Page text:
That’s an entirely reasonable proposition, Kat. However, first I would query whether that assessment properly factors in the various threats to that position – less favourable terms of trade, Chch earthquake commitments, renewing the EQC fund, infrastructure investment, future demographic and retirement impacts, exchange and interest rate changes.

              (Not to mention the frightening possibility of a change of Government!)

              Second, that is only one of the reasons for selling these assets and not, in my view, the most compelling.

              • The only reason the govt can come up with for asset sales is relief of debt. Any other of your perceived ‘threats’ can be met more economically in fiscal terms by govt debt.


                  That ignores both risk (eg interest rate increases that raise the cost of debt) and cumulative effects (increased overall debt impacts credit rating and cost of debt rollovers).

                  The market assesses risk when pricing the asset. Opposition to asset sales totally ignores that risk when comparing costs.

                  The better reasons for asset sales are increased competition, better governance, more appropriate non-political investment decisions, and independent, un-conflicted-interest, regulation.

              • And you may as well brace yourself now as there will most likely be a change of govt in 2014.


                  Horrific news for the poor. They will be stuck in welfare traps in a stagnating economy with no jobs and no prospect even of escape to Australia until Abbott manages to fix the economy Gillard wrecked.


                  No Alan, horrific news only for the greedy and the top 2%.


                  No, Kat, the rich are far more insulated from stupid policies than the poor. Both they and their assets are mobile. Australia is the only escape option for the poor and that slams shut when Australia weakens. The rich and skilled have the whole world to choose from.


                  Phew! John Key will be ok then, when he mobilises himself back to Hawaii.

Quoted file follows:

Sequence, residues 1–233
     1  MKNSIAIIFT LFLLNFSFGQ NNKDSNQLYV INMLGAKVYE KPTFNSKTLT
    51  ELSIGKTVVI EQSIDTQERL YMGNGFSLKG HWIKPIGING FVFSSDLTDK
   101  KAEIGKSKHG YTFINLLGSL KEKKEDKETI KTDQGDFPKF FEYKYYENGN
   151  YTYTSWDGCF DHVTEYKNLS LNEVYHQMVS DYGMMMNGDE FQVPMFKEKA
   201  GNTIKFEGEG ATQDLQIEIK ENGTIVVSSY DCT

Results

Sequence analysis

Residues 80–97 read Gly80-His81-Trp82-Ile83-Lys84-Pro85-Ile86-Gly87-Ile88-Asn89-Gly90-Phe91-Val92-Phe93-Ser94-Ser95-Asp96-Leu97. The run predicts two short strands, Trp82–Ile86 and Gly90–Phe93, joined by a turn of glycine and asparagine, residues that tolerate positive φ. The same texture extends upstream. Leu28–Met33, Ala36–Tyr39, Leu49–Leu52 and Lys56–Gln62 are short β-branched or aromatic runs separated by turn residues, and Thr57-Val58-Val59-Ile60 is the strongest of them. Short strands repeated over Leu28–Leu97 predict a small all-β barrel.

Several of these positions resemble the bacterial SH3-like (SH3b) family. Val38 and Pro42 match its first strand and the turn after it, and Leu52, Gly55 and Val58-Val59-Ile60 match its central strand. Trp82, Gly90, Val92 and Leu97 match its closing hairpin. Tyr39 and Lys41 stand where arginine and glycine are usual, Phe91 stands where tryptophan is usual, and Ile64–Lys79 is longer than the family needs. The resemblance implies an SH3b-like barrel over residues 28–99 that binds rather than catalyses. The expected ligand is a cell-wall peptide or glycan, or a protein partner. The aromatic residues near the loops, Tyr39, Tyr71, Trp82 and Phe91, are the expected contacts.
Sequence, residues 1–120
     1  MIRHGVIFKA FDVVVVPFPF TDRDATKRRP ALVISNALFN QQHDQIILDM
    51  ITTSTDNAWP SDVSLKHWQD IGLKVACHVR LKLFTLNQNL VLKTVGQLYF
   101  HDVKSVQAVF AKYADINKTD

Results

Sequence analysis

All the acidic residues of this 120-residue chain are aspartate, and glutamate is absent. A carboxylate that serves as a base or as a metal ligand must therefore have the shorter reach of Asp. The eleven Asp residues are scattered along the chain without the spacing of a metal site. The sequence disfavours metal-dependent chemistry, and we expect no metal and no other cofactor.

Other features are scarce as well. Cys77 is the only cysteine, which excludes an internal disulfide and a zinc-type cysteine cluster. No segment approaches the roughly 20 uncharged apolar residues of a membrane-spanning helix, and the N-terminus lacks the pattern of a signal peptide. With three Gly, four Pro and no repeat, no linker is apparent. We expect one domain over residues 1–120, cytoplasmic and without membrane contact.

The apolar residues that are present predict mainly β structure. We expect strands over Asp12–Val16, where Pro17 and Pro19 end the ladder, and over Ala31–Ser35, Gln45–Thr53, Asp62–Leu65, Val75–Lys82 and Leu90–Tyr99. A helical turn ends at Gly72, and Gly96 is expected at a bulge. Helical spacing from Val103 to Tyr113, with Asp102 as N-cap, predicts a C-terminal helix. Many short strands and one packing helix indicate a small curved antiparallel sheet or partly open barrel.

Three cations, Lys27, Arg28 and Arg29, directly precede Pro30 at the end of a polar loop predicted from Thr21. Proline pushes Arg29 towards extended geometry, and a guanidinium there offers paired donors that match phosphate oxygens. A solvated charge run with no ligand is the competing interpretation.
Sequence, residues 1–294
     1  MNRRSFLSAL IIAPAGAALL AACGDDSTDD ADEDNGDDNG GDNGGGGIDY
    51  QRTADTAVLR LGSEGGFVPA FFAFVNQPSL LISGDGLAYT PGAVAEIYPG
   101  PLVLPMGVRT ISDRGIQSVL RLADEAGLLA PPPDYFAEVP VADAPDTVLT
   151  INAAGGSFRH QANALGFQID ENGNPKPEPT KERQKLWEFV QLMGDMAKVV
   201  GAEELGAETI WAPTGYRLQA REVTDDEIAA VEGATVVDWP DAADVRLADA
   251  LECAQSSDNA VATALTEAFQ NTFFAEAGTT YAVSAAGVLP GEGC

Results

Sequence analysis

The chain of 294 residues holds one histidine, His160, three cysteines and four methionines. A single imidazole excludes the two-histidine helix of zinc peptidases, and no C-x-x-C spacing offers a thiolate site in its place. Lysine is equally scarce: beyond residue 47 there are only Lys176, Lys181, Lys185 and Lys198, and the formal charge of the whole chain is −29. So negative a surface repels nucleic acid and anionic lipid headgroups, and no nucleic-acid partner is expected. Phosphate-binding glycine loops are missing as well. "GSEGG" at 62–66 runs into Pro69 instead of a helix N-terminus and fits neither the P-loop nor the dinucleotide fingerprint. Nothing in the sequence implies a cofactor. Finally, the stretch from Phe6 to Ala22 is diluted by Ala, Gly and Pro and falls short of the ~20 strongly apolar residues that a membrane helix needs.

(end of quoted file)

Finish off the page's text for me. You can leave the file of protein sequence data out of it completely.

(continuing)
• Alan, I see that you are still trolling. Typically, you avoid answering what I have mentioned. You rely too much on your database of knee-jerk comments. I am surprised that you have not mentioned the Reds under Beds scenerio.


              Am I supposed to be a mind-reader? What question have I not answered? How is having a factual discussion about the real issues trolling? Or matching wit with Kat?

              Asset sales hysteria IS pig ignorant stupidity. I would hope most readers of this blog have enough brains to think more rstionally. You are obviously more pessimistic.


                Refer to 19.1.3 You may want to comment on that, nothing to do with Kat.

                “Asset sales hysteria is pig ignorant stupidity. I would hope most readers of this blog have enough brains to think more rationally”. Hardly intelligent Alan, I expected better, definitely bottom drawer stuff.

                “The rich and skilled have the whole world to choose from”.
                Obviously you class yourself as a member of the above elite.
                Let me be the first to donate a dollar towards the cost of a one way ticket for you to OZ, since you will probably wouldn’t want to reside in NZ after the election.


                  Presuming you mean 29.1.3, nope, no wish to comment on an irrelevant straw man. Plenty of countries have privately owned power companies.

                  I’m still waiting for one good reason that anti-asset sales hysteria isn’t pig ignorant stupidity. But that seems beyond you.

                  No need to pay my fare. Save your money since you will certainly need it if the Left win power.

  30. Kat and Johan I implore you don’t feed the troll it only encourages him.

    • Hi Richard, the interesting thing is the arguments put forward are not dissimilar to general National/Act party mantra and give a timely insight into the sad reality of monotonous blind right wing ideology.

    • 30.2

      That is truly pathetic, Richard. Run Away! Run Away! Run Away!

      Or make your case if you have enough brains and integrity.

    • No No..the trolls on this site are amateurish but sooo amusing. Life is too serious without them.

  31. The Prime Minister lost that first debate and we had to regroup. Despite his inexperience and his mangling of the English language, Key connected with the radio and television audience, listening and watching at home in their ones and twos. Although they have a huge reach, television and radio are both intimate media. Parliament could not be more different. The debating techniques that are admired there – playing to the gallery, not listening to your opponent, interrupting them, shouting them down, laughing at and abusing them – are the precise opposite to what works on radio or television.

  32. To say Mr Shearer’s first 11 months in the job have been underwhelming is an understatement. Confronted by television cameras and microphones, he is rendered incoherent unless he has previously learnt his lines, no one has got a clue what Labour stands for and his senior MPs are being allowed to idle away their days. It is no surprise, therefore, that supporters of defeated leadership candidate David Cunliffe continue to agitate on his behalf, or that Mr Cunliffe continues to make pronouncements that fuel speculation about his intentions. ….